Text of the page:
At least six aides to Los Angeles Mayor Tom Bradley used City Hall offices and equipment to assist the City Council campaign of Rita Walters, the candidate endorsed by the mayor in the 9th District race, according to interviews and records.
City Hall computers were used to solicit staff members' help for Walters, who is a Los Angeles school board member and longtime Bradley ally. Bradley staff members subsequently wrote briefing papers for Walters on city issues, provided documents from their files and met with her to answer questions about their areas of expertise, The Times found.
Bradley's chief of staff, Deputy Mayor Mark Fabiani, sent a computer message last Friday asking staff members to attend a fund-raising event for Walters.
The assistance began in January, less than two months after the Los Angeles Police Department opened an investigation into possible misuse of city resources by the mayor's staff during three of Bradley's campaigns.
Following inquiries from The Times, Bradley on Wednesday reprimanded six staff members--including Fabiani--for creating "the perception that they used either city time or city facilities to assist an ongoing campaign," according to spokesman Bill Chandler.
Two aides were ordered to reimburse the city for a "small amount of staff time and computer time," Chandler said. The penalties totaled $37, the equivalent of one hour's pay for each.
Fabiani, who is vacationing in Hawaii, was reprimanded by phone for sending a computer message to mayoral aides last Friday soliciting volunteers to "boost the crowd" at a Walters fund-raiser held by Bradley and Councilman Zev Yaroslavsky on Sunday.
"This afternoon I called a number of staff members into my office," Bradley said Wednesday in a written statement. "I wanted them to hear directly from me my outrage. . . . I will not tolerate even the appearance of a violation of my policy" banning campaign activity in City Hall.
A century-old state law prohibits city, county and state officials and their aides from using taxpayer resources for campaign purposes. The law, the California Supreme Court said, is intended to ensure that government does not "bestow unfair advantage" to anyone in an election contest.
The law requires that campaign work be performed on personal time, generally outside business hours, and not involve use of government resources such as staff, supplies, typewriters, copiers and telephones, according to guidelines prepared by the state attorney general.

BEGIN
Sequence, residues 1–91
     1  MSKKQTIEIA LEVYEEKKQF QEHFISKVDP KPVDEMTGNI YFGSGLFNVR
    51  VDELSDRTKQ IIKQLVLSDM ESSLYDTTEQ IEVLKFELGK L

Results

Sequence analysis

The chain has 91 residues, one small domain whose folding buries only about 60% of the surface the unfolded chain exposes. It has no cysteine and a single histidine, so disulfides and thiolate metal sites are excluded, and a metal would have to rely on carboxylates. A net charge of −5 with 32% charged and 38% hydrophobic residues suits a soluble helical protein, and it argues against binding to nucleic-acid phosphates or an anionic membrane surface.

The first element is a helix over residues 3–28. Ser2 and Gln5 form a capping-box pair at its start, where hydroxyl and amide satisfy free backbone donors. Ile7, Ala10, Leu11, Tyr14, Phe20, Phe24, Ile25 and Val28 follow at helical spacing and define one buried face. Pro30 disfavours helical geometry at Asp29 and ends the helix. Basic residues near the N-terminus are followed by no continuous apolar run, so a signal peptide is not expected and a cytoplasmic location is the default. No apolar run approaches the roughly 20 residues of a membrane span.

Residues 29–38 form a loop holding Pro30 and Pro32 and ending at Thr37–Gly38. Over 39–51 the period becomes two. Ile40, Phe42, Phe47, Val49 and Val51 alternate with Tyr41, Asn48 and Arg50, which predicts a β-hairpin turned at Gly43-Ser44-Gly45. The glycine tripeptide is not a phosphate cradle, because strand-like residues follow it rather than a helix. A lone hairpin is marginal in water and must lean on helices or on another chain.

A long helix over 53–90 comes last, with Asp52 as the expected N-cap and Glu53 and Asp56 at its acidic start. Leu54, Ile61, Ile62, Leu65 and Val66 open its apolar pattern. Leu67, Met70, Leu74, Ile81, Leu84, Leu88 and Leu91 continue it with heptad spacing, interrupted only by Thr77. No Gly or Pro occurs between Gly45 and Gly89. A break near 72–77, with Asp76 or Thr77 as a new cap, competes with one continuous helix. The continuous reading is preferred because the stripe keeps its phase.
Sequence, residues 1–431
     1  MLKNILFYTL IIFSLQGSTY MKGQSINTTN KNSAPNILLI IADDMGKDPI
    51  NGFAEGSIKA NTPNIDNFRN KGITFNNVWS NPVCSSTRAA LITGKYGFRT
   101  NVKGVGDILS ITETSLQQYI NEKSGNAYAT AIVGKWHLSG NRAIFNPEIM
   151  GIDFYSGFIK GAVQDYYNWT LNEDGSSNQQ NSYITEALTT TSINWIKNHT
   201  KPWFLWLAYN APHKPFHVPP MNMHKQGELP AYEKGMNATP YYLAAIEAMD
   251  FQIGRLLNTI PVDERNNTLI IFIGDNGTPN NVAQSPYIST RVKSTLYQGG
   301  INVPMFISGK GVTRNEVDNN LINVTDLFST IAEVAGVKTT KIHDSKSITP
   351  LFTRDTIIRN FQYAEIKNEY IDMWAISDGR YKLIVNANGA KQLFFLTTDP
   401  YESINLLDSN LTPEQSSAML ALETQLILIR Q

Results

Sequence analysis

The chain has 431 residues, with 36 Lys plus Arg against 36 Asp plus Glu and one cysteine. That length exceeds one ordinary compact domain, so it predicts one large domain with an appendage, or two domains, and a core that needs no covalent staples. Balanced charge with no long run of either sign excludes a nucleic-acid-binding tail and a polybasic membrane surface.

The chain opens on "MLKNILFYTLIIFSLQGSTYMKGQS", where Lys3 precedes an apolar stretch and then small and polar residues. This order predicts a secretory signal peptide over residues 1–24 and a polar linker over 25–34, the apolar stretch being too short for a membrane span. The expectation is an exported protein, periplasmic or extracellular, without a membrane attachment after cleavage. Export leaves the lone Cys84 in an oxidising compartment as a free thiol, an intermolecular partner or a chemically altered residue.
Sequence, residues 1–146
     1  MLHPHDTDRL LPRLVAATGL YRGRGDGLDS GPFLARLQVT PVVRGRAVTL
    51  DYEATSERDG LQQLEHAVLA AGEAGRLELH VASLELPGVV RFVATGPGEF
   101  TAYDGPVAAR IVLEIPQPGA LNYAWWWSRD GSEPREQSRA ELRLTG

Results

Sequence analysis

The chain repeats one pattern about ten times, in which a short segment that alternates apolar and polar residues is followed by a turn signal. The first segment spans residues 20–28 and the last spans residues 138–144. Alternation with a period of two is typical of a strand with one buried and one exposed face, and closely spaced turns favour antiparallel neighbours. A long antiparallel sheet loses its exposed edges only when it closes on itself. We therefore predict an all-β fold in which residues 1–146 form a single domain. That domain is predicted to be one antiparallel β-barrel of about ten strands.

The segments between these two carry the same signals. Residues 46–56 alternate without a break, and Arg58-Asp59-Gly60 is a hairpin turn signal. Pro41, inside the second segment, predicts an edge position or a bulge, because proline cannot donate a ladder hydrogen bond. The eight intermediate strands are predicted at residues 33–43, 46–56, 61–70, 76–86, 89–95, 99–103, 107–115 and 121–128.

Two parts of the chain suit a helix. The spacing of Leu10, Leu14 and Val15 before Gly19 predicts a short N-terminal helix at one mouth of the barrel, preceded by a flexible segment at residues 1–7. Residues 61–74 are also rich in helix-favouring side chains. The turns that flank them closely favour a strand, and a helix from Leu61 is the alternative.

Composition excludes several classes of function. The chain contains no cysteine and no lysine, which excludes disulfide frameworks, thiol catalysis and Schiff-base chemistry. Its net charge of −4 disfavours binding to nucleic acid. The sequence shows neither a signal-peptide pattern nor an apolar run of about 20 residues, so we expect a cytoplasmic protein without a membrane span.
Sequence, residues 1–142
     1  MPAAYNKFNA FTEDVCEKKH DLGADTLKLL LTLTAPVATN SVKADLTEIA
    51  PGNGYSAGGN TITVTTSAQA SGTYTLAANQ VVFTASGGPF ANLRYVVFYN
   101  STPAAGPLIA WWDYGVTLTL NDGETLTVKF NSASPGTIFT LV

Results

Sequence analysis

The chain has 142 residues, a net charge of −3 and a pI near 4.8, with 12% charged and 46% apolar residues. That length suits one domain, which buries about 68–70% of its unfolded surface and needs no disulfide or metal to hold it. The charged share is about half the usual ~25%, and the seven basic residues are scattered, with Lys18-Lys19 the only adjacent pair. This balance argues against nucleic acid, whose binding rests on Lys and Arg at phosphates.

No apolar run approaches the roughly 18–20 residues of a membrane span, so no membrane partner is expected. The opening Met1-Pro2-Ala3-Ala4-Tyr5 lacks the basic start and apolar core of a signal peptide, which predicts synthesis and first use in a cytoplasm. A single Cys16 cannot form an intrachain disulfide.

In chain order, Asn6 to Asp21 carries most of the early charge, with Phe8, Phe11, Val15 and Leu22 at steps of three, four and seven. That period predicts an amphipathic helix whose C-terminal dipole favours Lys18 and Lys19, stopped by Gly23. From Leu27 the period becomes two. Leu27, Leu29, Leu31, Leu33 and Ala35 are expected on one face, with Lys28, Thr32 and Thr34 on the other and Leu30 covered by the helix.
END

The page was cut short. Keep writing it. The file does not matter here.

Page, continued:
Walters, who faces City Council aide Bob Gay in a June 4 runoff, said Wednesday she solicited help from Bradley's office to familiarize herself with city issues and saw nothing improper about the request or the assistance she received. The briefings and materials she obtained were similar to those offered to the mayor's constituents every day, she said.
"There didn't appear to be anything that wasn't already in the public domain," Walters said. They included "documents that were already published, press releases, copies of newspaper articles," she said.
Gay, a longtime deputy to the late 9th District Councilman Gilbert Lindsay, said Wednesday that he will ask the city attorney and the state Fair Political Practices Commission to investigate. He called Bradley's actions against the staff members "a slap on the wrist."
"I'm chagrined . . . that this kind of thing goes on inside City Hall and the mayor's office," Gay said.
Bradley summoned four staff members into his office Wednesday afternoon to deliver "verbal reprimands," Chandler said. The four are Gary Boze, area coordinator for South-Central Los Angeles; Wendy Greuel, an aide for social issues; Michael Bodaken, the mayor's housing coordinator, and Wendy Harmon, an environmental aide.
Bradley planning aide Jane Blumenfeld was reprimanded by telephone, Chandler said. The reprimands will not be entered in the staffers' personnel files, and no further disciplinary action is planned, he said.
The staff members could not be reached for comment late Wednesday, but in interviews earlier this week, several acknowledged assisting Walters.
At least three held meetings with Walters to brief her on issues in the 9th District. Walters said she also discussed legal matters with Bradley legal adviser Jane Ellison outside City Hall as she contemplated entering the council race in January.
The attorney said Walters, who moved to the 9th District after Lindsay's death in December, asked questions about the city's residency requirement for council candidates. Ellison said there was nothing improper about the session.
Several aides also compiled written materials from City Hall files for Walters, including press releases and newspaper clippings, according to interviews.